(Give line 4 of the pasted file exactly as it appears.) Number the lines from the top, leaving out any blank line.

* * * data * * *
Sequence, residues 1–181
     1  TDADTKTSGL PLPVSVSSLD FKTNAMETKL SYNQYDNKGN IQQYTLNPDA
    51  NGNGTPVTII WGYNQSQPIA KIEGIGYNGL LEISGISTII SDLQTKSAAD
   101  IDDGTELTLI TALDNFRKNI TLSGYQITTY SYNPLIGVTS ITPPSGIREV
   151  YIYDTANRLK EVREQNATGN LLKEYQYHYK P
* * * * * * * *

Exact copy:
   101  IDDGTELTLI TALDNFRKNI TLSGYQITTY SYNPLIGVTS ITPPSGIREV